The Forex Market
Because of its increasing popularity over the past several years, most people have at least heard of Forex trading at this point. Many, however, still don’t really know what the Forex, or foreign exchange, market is and how it works. Here’s everything you need to know to understand the basics of the Forex market and begin learning about how to trade within it.
What is the Foreign Exchange Market?
In essence, the foreign exchange market is the totality of all currency markets in the world. Every unit of currency in the entire global economy is, in a sense, one tiny data point of the overall Forex market. The relationship between these currencies, however, is where the trading market is truly generated. The value of any currency is always expressed in relation to another currency, meaning that the entire Forex market is in a state of constant and very dynamic flux.
When the value of one currency changes relative to another, an investor has the opportunity to make money. As a very simple example, suppose you were a British investor who bought £100 worth of American dollars. If the value of the dollar relative to the pound increased, you would be able to convert that money back into more pounds than you originally invested. If you can accurately predict the movements of relative currency values in the Forex market, you can use them to make money. At its core, this is what Forex trading is.
How Are Forex Values Expressed?
In order to trade currencies effectively, the Forex trading industry has constructed what are known as Forex currency pairs. These are pairings of common global currencies whose values are measured against each other. Although any two currencies can, in theory, be traded as a Forex currency pair, most Forex brokerages deal primarily in a group of high-volume pairs known as the “majors.” Following is a list of the major Forex currency pairs most traders deal in:
Most Forex trading will deal with these pairs. However, aspiring Forex traders should also learn the ins and outs of trading the so-called “minors,” or less frequently traded pairs, as these can also offer good opportunities for profit. The AUD/JPY pair, for example, is a favorite of high-level traders because of the high volatility that is characteristic of both of its included currencies.
What Affects the Forex Market?
Modern currencies and their values are reliant on a huge number of individual economic factors. In reality, almost everything that happens in a nation’s economy impacts the value of its currency. Some of the most important and predictable events that come into play in Forex trading are the quarterly economic statistics that most countries release throughout the year. Predictable seasonal market changes, such as the increase in retail sales around Christmas, can also have an effect on the value of a currency.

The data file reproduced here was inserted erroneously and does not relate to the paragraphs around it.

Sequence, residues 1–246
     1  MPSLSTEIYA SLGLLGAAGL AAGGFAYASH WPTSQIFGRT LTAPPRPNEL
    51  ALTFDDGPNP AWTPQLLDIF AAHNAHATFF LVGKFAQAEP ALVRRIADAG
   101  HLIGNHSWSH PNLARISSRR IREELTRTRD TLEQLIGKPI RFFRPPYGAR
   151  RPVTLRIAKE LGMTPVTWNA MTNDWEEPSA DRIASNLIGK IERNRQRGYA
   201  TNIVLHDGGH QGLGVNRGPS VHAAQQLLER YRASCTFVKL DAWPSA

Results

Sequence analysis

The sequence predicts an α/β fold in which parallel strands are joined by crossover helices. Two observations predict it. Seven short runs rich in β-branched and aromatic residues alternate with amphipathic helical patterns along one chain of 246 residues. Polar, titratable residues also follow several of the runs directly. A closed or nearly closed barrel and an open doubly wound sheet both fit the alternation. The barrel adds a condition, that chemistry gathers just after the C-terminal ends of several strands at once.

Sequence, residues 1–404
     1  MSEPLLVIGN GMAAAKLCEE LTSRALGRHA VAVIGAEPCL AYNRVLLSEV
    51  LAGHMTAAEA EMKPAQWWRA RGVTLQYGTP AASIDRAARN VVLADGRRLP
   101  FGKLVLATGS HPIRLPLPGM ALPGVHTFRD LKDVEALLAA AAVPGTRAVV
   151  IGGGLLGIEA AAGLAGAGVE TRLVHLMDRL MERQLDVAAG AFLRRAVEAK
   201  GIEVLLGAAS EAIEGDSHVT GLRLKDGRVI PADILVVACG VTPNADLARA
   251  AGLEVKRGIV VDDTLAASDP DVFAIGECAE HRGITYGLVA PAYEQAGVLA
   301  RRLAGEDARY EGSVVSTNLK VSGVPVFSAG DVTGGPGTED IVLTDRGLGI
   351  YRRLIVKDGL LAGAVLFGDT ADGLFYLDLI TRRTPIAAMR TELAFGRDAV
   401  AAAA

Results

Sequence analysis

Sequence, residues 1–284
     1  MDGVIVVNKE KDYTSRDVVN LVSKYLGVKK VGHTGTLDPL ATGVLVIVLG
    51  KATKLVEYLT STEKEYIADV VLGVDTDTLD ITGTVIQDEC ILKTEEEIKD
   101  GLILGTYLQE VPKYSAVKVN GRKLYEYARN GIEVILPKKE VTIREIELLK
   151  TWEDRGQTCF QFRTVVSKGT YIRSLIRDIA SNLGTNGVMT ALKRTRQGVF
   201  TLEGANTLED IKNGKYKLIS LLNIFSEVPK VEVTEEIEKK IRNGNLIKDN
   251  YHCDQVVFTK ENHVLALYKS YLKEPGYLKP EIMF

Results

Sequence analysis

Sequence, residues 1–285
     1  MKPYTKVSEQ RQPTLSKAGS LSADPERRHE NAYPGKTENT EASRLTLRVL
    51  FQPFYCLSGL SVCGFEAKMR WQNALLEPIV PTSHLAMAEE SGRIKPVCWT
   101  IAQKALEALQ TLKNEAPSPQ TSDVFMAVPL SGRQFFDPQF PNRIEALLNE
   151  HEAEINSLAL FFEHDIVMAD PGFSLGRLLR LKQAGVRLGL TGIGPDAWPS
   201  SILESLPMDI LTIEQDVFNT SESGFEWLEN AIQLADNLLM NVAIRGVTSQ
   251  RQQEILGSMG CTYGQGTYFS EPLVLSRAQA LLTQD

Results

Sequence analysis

Many of the largest changes in currency values are caused by economic events that are less predictable. National stock markets, for example, have a profound impact on the strength of a country’s currency. When stock markets crash or enter a declining period, currencies can lose a substantial amount of value. Similarly, a general shift in commodity prices can cause currency values to fluctuate. These effects will vary substantially based on the economy of the individual country in question, so a good working knowledge of the markets of various major nations is invaluable for a Forex trader.
In some cases, political shifts can also affect the overall value of a currency over time. When Britain voted to leave the European Union, for example, the British pound lost a portion of its value because of the predicted short-term effects on the British economy. This same shift can also happen less directly as a result of changes in consumer confidence following a given political event.
Who Trades the Forex Market?
Before the advent of online trading, Forex trading was still an extant investment method. In earlier times, however, it involved making large individual purchases of hard currency and later selling it at a profit, making the system far less efficient. Banks, at that time, were the primary trading force in the Forex market, as they were among the only institutions with enough capital to trade currencies effectively.
Today, banks are still by far the most powerful trading force in the Forex market. Large investment banks typically have substantial Forex assets, often under dedicated management. Some financial managers have also been able to break into the Forex market and create retail-level managed Forex accounts. The greatest change in the use of the Forex market for trading purposes, however, has been the emergence of large numbers of individual Forex traders.
How Do You Access the Forex Market?
While in the past currency exchanges served as the basic access point into the Forex market, the internet today is filled with specialized Forex trading brokerage platforms. These platforms use simple trading interfaces to organize the buying and selling of currencies, making it relatively easy for almost any investor with an internet connection to enter the Forex trading market. Some stock brokerages also give their investors the ability to invest in Forex currency pairs, but the specialized brokerages tend to have somewhat lower trading costs and be better-equipped for advanced Forex trading.
Though the Forex market is both vast and multi-faceted, its basic principles are fairly easy to understand. It consists of all of the national currencies in the world and is driven by their relations to one another. By buying and selling these currencies as they fluctuate, traders are able to make money. Though this market was once dominated by larger financial institutions, it has more recently become democratized enough for small, individual traders to get into it. If you’ve been looking for an income-producing investment option, consider giving Forex trading a try.